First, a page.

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Mike Duncan (00:04):
Hello and welcome to Revolutions, Episode 24, Saratoga.
So last week, we dropped off General Washington at Valley Forge, where he would try to hold his army together over the rough winter of 1777-1778. Meanwhile, we will be going back in time to cover the Saratoga Campaign of 1777 that did so much to turn the course of the war. At least in hindsight. Because though Saratoga is the correct response if you’re like on Jeopardy and the answer is the turning point of the American Revolution, there are so many moving parts at work here that to completely isolate one part and say that’s the one is a gross oversimplification. And that doesn’t even take into account the fact that after Saratoga, the war could have spun off in a wildly different direction than it did. But it didn’t. So thanks in part to the American victory at Saratoga, the French got into the war and their involvement turned out to be critical to the final victory at Yorktown. Therefore, Saratoga is the turning point of the American Revolution. I’ll take famous titles for 200 please, Alex.
But before we even get into the Saratoga Campaign, we need to hop back even further to the American retreat from Canada. When last we left the Northern Department, the Americans had failed to take Quebec on New Year’s Eve 1775. Benedict Arnold found himself in charge of the bedraggled remnants of the Continental and Militia forces. Arnold laid a siege to Quebec City through the winter, but come the spring of 1776, it was pointless to stick around. The British sent in massive reinforcements and the Americans had to pull back.
Arnold by this point had been promoted to Brigadier General and made military governor of Montreal and though he craved even more responsibility, he remained a few rungs down on the chain of command. Philip Schuyler, I got his name right this time, remained in overall command of the Northern Department and then in June 1776, General Horatio Gates was given command over the loosely defined Canadian Department. So let’s talk about Horatio Gates.
Horatio Gates was born in England in 1728. As a young man, he bought an officer’s commission and served on the continent before following his military mentor to Canada on the eve of the French and Indian War. He was, along with George Washington and Charles Lee and Thomas Gage, present on Braddock’s disastrous opening march and then he served in North America continuously for the rest of the war, though not in any important capacity.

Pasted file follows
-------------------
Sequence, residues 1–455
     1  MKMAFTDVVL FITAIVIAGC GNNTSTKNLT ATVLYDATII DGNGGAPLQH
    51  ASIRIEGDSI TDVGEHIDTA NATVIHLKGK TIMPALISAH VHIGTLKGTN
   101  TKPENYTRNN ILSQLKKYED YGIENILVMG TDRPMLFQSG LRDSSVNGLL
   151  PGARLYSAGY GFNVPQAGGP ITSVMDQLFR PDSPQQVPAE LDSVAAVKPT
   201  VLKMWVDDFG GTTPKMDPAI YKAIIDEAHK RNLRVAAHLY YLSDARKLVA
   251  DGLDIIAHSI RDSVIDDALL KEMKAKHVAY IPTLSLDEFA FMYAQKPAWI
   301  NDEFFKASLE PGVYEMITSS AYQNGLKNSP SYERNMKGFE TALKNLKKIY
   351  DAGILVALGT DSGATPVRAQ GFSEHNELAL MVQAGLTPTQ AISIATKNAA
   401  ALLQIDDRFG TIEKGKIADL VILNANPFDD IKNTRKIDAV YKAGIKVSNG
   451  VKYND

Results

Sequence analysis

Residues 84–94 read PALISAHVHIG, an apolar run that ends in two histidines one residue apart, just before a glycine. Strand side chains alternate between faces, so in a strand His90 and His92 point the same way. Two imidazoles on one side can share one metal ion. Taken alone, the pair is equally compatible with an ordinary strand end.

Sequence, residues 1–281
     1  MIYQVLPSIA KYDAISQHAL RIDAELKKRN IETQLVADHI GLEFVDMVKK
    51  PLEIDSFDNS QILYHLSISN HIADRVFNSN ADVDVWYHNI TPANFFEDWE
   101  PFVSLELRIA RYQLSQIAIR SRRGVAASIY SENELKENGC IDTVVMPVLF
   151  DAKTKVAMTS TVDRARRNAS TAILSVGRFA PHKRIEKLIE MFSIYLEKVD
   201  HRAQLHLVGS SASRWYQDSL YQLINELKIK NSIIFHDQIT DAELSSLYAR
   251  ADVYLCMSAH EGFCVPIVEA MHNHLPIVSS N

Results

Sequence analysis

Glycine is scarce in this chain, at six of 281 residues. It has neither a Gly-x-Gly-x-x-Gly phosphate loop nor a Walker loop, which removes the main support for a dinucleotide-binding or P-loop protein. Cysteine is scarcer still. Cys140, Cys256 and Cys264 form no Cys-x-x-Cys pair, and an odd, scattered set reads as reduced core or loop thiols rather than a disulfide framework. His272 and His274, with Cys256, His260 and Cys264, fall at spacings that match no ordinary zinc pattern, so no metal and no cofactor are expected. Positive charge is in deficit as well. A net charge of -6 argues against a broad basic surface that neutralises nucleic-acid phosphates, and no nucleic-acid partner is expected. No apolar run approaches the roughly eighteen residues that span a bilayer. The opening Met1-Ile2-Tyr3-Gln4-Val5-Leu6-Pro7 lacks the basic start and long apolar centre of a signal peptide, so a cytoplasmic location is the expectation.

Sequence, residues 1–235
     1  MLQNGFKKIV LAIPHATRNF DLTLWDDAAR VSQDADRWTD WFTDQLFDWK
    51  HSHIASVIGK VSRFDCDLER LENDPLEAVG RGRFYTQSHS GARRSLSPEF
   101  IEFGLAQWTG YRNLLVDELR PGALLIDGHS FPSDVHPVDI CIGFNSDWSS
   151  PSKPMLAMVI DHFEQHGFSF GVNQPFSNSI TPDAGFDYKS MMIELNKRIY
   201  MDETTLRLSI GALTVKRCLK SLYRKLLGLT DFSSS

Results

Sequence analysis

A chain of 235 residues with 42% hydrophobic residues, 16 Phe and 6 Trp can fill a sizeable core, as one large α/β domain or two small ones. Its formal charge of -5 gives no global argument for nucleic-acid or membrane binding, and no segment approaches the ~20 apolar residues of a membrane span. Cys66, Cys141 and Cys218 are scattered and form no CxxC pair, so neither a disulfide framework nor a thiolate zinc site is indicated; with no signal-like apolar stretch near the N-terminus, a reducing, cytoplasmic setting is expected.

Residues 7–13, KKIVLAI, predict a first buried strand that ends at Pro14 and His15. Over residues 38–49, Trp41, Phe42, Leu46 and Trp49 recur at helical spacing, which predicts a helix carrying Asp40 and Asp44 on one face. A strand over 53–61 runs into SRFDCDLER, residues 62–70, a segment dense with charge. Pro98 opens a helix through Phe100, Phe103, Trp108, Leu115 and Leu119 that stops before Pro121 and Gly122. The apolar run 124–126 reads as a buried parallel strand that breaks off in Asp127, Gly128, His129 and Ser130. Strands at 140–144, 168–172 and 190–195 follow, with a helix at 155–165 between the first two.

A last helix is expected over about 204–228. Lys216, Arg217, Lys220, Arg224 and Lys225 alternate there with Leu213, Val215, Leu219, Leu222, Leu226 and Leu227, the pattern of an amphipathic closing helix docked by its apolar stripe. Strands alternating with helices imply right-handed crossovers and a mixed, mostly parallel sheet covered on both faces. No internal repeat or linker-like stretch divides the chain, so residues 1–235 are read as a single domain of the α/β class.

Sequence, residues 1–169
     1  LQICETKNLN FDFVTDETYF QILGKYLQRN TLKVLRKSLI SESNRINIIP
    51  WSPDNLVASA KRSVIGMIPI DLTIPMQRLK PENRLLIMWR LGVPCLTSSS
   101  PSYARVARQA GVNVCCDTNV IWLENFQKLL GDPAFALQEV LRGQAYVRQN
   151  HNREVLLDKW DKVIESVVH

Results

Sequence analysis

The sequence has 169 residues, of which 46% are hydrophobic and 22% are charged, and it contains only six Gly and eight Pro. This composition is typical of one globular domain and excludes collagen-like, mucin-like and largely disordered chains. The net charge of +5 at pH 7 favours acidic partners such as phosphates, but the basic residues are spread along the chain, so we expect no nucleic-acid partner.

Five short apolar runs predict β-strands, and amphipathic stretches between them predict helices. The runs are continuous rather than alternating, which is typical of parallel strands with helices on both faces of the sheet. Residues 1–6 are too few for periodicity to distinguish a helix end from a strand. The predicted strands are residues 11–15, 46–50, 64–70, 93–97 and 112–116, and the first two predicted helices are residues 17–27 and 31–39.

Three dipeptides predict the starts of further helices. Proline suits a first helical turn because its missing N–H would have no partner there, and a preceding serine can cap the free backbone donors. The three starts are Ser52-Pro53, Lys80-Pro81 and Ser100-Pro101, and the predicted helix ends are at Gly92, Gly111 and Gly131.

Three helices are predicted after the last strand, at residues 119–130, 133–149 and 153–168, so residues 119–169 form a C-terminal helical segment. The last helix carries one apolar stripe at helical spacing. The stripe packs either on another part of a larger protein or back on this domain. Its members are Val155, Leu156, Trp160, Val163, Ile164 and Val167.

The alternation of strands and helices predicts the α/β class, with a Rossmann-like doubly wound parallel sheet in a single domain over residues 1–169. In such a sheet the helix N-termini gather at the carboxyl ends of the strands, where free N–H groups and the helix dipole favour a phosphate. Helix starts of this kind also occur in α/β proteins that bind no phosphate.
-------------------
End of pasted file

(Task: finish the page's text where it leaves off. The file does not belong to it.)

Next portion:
After the war, he didn’t have the money to buy the higher rank that would allow him to remain in the rapidly demobilizing British regular army and after a few years of doing this and that, he emigrated to Virginia in 1772, where he made contact with his old comrade George Washington. When the Revolutionary War broke out, he joined immediately and with the enthusiastic recommendation of Washington, was appointed the first Adjutant General, basically the Chief Administrative Officer of the Continental Army because though Gates was not really a great field officer, he was a hell of an organizer and deserves a lot of credit for helping build the new Continental Army from scratch.
He yearned for that field command, though, and as I said in June 1776, the Congress gave way and put him in command of the Canadian Department, which was supposed to be nested in the larger Northern Department, but Gates and his supposed boss General Schuyler hated each other. Schuyler was aristocratic and stiff, while Gates was an easygoing friend of the common soldier. General Schuyler claimed command over Gates and Gates claimed autonomy from Schuyler.
Eventually Congress had to step in to resolve this petty bickering by giving Gates a free hand from Fort Ticonderoga North. This victory in office politics, though, netted Gates very little because at that same moment the Americans were abandoning everything north of Fort Ticonderoga.
So as I said, the British were massively reinforced in the spring of 1776 and the totally inadequate American forces pulled back to Montreal and then out of Montreal. By June, that is, when Gates showed up, the Americans had retreated to their two main bases on the south end of Lake Champlain, Fort Ticonderoga of course, but also another one further north called Fort Crown Point. What Gates walked into was a report that some 9,000 British were massing at the north end of Lake Champlain under the British governor of Quebec Guy Carleton. The long anticipated British invasion from Canada appeared to be on the way, but Carleton quickly discovered that the retreating Americans had commandeered what ships on Lake Champlain they could and then burned the rest. Since there was no land route south to speak of, the British had to spend the summer of 1776 building a navy.